Pit violinist Claudin hopelessly loves rising operatic soprano Christine Dubois (as do baritone Anatole and police inspector Raoul) and secretly aids her career. But Claudin loses both his touch and his job, murders a rascally music publisher in a fit of madness, and has his face etched with acid. Soon, mysterious crimes plague the Paris Opera House, blamed on a legendary "phantom" whom none can find in the mazes and catacombs. But both of Christine's lovers have plans to ferret him out. Written by
Rod Crawford <firstname.lastname@example.org>
Nelson Eddy's hair was to be dyed black because of script requirements for his role of operatic baritone Anatole, maybe intending to refer to Norman Kerry looks in the silent version. According to the documentary included in the 1943 version DVD, Nelson only agreed when Jack Pierce, Universal make-up master, developed a one-day tinting that could be washed out after each day's shooting, allowing Nelson (who was of Dutch ancestry) to recover his characteristic blond hair. See more »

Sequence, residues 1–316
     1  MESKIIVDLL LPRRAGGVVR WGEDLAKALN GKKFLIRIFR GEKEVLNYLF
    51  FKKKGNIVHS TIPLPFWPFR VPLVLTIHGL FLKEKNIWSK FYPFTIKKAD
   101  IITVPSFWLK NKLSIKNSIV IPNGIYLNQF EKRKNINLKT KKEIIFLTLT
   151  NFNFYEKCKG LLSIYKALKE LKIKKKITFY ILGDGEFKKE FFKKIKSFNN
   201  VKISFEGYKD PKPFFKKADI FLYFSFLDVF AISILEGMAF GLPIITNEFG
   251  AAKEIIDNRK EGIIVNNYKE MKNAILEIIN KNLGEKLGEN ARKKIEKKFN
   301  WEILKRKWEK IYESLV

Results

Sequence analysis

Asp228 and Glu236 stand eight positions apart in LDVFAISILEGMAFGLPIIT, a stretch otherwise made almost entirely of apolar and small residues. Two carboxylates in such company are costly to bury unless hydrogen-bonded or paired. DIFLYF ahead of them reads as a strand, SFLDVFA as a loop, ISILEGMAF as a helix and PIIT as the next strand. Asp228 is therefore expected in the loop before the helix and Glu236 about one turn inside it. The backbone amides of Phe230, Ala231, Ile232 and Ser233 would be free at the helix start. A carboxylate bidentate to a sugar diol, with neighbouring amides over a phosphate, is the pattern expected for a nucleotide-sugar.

When Claudin (Claude Rains) is being tested by the maestro, his fingering of the violin's strings do not match the vibrato produced. See more »
You must choose between an operatic career and what is usually called "a normal life." You can't do justice to both.
The artist has a special temperament, and he must live his life exclusively with those who understand it.
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Not really a horror movie, more a romantic melodrama. Lavishly produced and Claude Rains is excellent.
Anybody approaching 'Phantom Of The Opera' as a horror movie will probably be disappointed, but if you look upon it as a romantic melodrama it's pretty entertaining. The sets (mostly recycled from the twenties version) are lavish, the music is strong and the performances are good, especially the wonderful Claude Rains ('The Invisible Man', 'Casablanca', 'Notorious') who is excellent (as always). The rest of the cast includes songbirds Nelson Eddy and Susanna Foster, the late Hume Cronyn in a bit part, and a nice cameo from Fritz Leiber (the father of the famous science fiction and fantasy writer Fritz Leiber, Jr) as Franz Liszt. 'Phantom Of The Opera' is far from my favourite Universal horror movie but I still enjoyed it and it's worth watching, though I think in many ways the Hammer remake in the 1960s starring Herbert Lom is a better movie.
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